Gene expression profiling of socially stressed squirrel monkey brain

A.M. Karssen; J.Z. Li; S. Her; A.F. Schatzberg; D.M. Lyons
Society for Neuroscience annual meeting. 2005.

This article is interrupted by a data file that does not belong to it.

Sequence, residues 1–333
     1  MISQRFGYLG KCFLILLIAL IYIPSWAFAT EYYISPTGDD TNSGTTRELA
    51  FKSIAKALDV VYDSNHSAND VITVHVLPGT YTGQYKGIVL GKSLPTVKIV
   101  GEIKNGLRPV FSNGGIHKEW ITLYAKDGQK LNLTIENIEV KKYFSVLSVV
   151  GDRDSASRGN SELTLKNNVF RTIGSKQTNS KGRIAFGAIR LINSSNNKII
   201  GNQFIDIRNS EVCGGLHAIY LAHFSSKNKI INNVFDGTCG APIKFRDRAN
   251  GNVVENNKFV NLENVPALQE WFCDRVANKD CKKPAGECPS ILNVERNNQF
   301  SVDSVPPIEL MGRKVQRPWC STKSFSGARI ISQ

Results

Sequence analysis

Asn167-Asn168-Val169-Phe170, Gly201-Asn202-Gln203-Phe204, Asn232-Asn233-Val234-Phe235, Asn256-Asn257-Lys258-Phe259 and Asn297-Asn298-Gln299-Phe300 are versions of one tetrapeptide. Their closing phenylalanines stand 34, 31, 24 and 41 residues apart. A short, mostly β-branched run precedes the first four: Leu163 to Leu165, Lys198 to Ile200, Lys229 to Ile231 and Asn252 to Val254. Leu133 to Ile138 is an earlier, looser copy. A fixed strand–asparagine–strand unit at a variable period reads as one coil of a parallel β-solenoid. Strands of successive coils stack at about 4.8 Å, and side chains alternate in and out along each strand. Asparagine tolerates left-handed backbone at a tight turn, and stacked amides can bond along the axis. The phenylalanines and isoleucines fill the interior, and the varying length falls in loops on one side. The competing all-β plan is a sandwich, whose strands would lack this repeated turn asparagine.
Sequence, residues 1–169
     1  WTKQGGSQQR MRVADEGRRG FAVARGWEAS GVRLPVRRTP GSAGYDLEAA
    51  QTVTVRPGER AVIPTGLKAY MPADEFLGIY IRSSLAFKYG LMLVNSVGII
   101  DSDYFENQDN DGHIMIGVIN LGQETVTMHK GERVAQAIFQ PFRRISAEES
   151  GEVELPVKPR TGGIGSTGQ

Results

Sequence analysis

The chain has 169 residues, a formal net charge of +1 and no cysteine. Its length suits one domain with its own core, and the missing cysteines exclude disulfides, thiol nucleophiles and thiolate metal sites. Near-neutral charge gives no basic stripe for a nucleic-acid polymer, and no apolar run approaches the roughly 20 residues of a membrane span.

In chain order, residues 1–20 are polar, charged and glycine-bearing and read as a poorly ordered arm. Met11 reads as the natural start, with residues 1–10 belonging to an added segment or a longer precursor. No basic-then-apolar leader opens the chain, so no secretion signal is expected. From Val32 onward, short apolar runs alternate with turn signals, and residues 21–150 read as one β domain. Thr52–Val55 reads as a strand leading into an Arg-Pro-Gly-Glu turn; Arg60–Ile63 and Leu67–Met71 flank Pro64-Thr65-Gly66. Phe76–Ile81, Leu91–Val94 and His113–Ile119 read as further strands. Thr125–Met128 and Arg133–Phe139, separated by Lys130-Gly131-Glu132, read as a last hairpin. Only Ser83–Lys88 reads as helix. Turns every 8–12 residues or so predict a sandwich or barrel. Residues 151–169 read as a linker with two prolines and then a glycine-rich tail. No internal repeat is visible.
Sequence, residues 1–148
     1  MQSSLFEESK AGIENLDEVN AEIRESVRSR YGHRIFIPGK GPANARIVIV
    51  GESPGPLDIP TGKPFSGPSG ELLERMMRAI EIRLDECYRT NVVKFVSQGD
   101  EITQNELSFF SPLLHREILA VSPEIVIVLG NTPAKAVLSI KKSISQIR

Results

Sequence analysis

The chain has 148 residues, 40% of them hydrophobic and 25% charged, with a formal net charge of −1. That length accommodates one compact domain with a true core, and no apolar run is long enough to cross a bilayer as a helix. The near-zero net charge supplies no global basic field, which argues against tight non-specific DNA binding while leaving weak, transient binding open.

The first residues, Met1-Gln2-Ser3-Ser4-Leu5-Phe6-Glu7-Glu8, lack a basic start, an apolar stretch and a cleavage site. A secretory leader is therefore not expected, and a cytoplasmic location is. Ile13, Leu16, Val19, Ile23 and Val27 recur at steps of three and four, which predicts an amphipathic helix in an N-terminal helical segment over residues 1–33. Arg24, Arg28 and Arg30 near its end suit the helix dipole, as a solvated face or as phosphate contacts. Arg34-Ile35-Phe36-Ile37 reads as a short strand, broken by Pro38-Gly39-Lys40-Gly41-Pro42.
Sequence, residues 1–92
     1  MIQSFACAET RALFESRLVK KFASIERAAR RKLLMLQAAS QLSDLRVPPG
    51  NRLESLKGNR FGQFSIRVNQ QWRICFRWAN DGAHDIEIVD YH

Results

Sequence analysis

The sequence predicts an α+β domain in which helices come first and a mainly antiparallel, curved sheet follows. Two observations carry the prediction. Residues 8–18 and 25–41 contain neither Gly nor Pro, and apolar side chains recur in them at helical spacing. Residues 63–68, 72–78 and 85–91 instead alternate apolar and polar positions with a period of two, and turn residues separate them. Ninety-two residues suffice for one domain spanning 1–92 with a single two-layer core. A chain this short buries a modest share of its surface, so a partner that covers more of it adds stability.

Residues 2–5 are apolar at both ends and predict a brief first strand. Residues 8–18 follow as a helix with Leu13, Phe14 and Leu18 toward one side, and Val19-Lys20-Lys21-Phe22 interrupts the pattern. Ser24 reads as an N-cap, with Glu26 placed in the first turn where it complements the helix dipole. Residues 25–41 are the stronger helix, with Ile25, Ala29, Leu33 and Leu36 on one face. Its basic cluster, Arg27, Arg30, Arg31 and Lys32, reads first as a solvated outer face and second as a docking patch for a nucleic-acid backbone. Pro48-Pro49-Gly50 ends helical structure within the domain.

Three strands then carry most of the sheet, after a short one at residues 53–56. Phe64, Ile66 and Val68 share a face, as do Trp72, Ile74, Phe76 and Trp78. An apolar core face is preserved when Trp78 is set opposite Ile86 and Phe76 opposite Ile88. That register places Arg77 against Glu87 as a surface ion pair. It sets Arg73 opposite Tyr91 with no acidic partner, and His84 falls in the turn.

Our ongoing studies examining the effects of chronic social stress on squirrel monkey brain have shown that repeated social stimulation after isolation-induced hypercortisolism results in enhanced learning and memory performance. As part of these studies we have collected brains of socially stressed monkeys and their controls to characterize gene expression changes using microarrays. Since squirrel monkey microarrays are not available, we have used the Affymetrix human U133A 2.0 array on hippocampal and cortical brain tissue of squirrel monkey. To test feasibility of application of human microarrays on squirrel monkey brain tissue we have performed a comparison of the behaviour of squirrel monkey and human brain tissue on Affymetrix arrays. We show that although the presence call rate of squirrel monkey is generally lower than that of human tissue, the variance is much less. This comparison indicates that human microarray can be applied on squirrel monkey brain tissue to characterize changes in gene expression after chronic social stress. When examining the effects of social stimulation in various brain regions, the ventromedial prefrontal cortex shows a remarkably high number of affected genes in stressed animals compared to controls. Using a cut-off of p<0.05, fold change of 1.15 or more and a presence call on at least one array, social stimulation altered transcription of about two-fold more genes in this region than in any other brain region examined. Nearly three-fold more genes are downregulated than upregulated. Interestingly, ventromedial prefrontal cortex is critically involved in various aspects of mood and emotion regulation. Further studies will validate some of these genes and might give some new clues of genes involved in social stimulation and stress. Support Contributed By: the Pritzker Neuropsychiatric Disorders ResearchConsortium which is supported by the Pritzker Neuropsychiatric Disorders Research Fund L.L.C.. A shared intellectual property agreement ex ists between this philanthropic fund and all the universities involved.